Schumacher Jnr shows precocious pedigree

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The Independent Online
Motor Racing

"I quite like the look of the Jordan, it's a nice little car. And I have to say that I would be surprised if it didn't win a race this season."

Those words belonged not to the colourful self-publicist, Eddie Jordan, but to the quietly-spoken Patrick Head, the architect of Williams-Renault's technical superiority and a man who knows how many beans make five when it comes to racing car design.

Head's words had a prescience that at one stage seemed likely to be justified sooner than expected, as Michael Schumacher's brother Ralf forced the pace of the Argentinian Grand Prix in Buenos Aires and put the eventual winner, Jacques Villeneuve, under serious pressure before dropping back slightly to finish in third place.

There is a saying in the Formula One paddock that Ralf is so arrogant that even Michael notices, and certainly self-confidence is not missing from his make-up. And, as befits one bearing the distinguished name, controversy was part of the best race of his life. But, without question, Mr and Mrs Schumacher's younger son earned the right to be regarded as a grand prix star in his own right on Sunday afternoon.

Gary Anderson, the technical director at Jordan, for whom Michael made his startling Formula One debut at the Belgian Grand Prix in 1991 before being snapped up by Benetton, said even before Argentina that he believes Ralf is better at this stage of his career than Michael was when he graduated.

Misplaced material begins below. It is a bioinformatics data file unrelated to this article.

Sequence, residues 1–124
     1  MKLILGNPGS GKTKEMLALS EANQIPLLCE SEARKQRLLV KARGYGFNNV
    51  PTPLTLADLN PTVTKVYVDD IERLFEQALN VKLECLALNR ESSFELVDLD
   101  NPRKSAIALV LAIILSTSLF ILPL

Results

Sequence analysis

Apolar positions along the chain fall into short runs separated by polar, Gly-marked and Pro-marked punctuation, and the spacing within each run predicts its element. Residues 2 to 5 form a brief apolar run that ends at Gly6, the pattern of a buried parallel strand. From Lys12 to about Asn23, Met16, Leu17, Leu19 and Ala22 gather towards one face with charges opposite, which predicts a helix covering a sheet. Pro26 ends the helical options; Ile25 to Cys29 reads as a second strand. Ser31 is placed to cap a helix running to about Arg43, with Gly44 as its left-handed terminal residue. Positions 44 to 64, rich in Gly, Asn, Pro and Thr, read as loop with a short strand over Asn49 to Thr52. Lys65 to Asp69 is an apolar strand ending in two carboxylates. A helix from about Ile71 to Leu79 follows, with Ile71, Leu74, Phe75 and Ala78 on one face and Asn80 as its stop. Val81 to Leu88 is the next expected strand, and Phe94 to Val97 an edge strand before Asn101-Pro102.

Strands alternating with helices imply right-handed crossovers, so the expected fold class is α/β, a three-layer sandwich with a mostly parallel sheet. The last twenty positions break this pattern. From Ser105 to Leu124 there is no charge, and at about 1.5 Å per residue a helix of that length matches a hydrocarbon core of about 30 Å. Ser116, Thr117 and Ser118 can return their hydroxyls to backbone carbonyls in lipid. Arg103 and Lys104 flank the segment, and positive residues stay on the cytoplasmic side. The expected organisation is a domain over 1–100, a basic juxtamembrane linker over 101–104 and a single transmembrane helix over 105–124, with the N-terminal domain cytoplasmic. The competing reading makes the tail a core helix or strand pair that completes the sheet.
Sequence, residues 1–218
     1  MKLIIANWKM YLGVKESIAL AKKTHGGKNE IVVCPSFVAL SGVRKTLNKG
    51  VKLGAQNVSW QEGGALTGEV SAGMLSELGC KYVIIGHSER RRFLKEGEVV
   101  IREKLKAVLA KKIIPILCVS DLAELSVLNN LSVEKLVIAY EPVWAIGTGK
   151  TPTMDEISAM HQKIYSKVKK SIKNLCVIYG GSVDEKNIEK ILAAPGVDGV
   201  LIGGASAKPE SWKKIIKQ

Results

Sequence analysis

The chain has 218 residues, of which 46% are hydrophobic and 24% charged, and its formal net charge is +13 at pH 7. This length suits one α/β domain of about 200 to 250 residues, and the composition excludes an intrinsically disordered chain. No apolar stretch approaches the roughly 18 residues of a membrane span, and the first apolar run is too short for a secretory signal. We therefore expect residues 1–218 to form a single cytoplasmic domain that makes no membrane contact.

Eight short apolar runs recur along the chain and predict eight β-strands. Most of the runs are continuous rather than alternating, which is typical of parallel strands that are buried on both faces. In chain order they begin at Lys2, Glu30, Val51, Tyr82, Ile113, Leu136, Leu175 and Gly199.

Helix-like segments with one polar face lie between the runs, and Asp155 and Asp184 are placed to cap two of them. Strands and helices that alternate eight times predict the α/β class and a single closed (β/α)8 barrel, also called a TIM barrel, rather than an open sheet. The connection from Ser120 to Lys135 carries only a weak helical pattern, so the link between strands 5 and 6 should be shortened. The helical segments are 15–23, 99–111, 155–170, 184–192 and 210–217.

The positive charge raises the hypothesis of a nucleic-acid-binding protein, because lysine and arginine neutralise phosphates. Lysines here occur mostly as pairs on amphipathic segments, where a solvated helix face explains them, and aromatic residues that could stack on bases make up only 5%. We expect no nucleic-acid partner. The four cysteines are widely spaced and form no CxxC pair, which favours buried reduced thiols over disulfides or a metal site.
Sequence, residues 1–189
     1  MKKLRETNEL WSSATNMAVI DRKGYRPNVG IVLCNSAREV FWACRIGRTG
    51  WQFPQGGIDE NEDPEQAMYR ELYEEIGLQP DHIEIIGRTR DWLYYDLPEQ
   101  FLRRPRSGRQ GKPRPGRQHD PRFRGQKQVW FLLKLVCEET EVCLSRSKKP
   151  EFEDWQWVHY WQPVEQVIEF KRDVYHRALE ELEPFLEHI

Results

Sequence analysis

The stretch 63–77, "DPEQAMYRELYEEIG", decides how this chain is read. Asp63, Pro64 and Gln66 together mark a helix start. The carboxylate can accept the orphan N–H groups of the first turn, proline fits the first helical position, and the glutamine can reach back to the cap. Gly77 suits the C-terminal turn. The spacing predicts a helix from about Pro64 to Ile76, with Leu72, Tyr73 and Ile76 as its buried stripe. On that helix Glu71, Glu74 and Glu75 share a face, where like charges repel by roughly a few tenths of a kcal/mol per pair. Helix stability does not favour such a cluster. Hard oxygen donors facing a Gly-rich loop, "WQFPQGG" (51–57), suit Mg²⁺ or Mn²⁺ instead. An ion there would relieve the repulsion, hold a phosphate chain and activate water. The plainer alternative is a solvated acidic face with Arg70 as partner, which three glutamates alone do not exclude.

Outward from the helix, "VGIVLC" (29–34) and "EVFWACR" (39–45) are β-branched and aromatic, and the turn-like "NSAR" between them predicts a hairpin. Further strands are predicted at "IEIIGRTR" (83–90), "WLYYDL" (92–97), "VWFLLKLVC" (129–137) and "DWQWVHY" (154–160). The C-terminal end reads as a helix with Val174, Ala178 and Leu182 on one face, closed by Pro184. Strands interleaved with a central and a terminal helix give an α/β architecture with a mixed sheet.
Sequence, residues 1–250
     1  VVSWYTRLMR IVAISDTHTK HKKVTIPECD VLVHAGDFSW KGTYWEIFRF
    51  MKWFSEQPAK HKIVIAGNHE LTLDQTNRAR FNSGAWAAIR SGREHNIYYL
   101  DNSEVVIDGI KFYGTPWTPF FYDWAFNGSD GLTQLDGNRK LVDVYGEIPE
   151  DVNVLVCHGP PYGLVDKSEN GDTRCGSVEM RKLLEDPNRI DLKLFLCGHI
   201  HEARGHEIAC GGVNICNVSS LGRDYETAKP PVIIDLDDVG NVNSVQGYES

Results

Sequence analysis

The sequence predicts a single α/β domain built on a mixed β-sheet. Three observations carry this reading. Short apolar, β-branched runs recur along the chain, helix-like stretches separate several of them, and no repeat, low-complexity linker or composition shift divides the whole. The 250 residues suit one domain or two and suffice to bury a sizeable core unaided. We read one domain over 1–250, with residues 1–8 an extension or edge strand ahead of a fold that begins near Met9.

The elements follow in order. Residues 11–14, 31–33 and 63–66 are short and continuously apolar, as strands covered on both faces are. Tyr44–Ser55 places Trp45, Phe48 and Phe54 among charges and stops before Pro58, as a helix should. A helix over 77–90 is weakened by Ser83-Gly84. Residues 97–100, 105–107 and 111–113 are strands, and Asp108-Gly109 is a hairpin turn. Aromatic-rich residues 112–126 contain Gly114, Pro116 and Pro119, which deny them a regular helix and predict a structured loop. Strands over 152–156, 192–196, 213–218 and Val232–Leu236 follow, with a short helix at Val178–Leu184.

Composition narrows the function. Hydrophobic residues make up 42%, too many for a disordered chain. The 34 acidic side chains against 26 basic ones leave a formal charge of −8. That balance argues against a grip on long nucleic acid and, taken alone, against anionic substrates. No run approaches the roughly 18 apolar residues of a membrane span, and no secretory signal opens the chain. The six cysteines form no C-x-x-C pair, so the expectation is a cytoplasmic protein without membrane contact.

Trevor Foster, Jordan's race director, has a slightly more reserved view, but the gist is not dissimilar.

"Ralf is his own character, and I think he drove a very good race," Foster said. "A podium finish in only your third grand prix is pretty good going. He's very strong mentally, and he's here to do the job. That's all we can ask. Sure, he's made a few mistakes, he's finding the limits, and there have been some spins, but that's what the job is all about.

"He's 18 months younger than Michael was at the same stage of his career, and Michael had the benefit of that extra maturity and a couple of seasons racing in the professional atmosphere of Mercedes-Benz's sportscar team. Just over a year ago, Ralf was still racing in Formula Three."

Foster added: "I said to Eddie when he signed him that I didn't think Ralf was at Michael's level, and that it would take three months, or six months, depending on how he applied himself. And I have to say that he's doing that very quickly."

Schumacher Jnr's equally promising team-mate, the young Italian driver, Giancarlo Fisichella, does not share the enthusiasm after being pushed off by Schumacher as they contested second place on Sunday.

"I am very angry but we have discussed the matter within the team," Fisichella said. Schumacher himself was publicly unmoved, but Eddie Jordan said: "He admits that he made a mistake, and he was very clear about it. Very correct."

The Argentinian Grand Prix was Jordan's 100th and so far, despite regular pre-season potential, the team has manifestly failed to deliver the win that its founder promises every time he launches a new car.

This year, however, Jordan seems to have just the right technical package, with Anderson's latest chassis propelled by the powerful Peugeot V10 engine which Alain Prost's team will use in 1998. Schumacher is already displaying the same aggressive determination that marked out his elder sibling and, the incident with Fisichella apart, he drove an intelligent race on Sunday afternoon to open his world championship points tally.

At the end of the race, the mechanics withdrew from the pit wall, rather than giving Schumacher the traditional congratulatory salute.

Some say there was a dispute with Jordan over bonus money, others that the last time a Jordan was running third, at Hungary in 1995 when the mechanics were ready to celebrate, it ground to a halt 100 metres short of the finish line - so a superstition had to be laid to rest.

Either way, if Sunday was a valid guide, it is a problem that is likely to recur.